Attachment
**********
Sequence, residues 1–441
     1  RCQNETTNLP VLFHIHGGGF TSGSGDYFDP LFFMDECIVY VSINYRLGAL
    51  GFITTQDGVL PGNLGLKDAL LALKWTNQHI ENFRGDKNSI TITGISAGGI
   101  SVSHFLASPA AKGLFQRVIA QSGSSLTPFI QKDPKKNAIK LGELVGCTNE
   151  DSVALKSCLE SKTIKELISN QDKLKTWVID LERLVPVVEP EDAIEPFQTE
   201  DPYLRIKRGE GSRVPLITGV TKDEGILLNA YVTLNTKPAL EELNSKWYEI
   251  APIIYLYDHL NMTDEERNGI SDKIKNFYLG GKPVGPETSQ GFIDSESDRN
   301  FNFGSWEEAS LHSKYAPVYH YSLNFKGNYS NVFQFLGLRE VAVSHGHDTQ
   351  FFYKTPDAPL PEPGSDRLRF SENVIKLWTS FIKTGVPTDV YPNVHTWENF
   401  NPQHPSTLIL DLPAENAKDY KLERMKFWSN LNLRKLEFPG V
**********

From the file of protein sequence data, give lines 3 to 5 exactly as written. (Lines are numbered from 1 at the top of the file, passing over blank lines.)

    51  GFITTQDGVL PGNLGLKDAL LALKWTNQHI ENFRGDKNSI TITGISAGGI
   101  SVSHFLASPA AKGLFQRVIA QSGSSLTPFI QKDPKKNAIK LGELVGCTNE
   151  DSVALKSCLE SKTIKELISN QDKLKTWVID LERLVPVVEP EDAIEPFQTE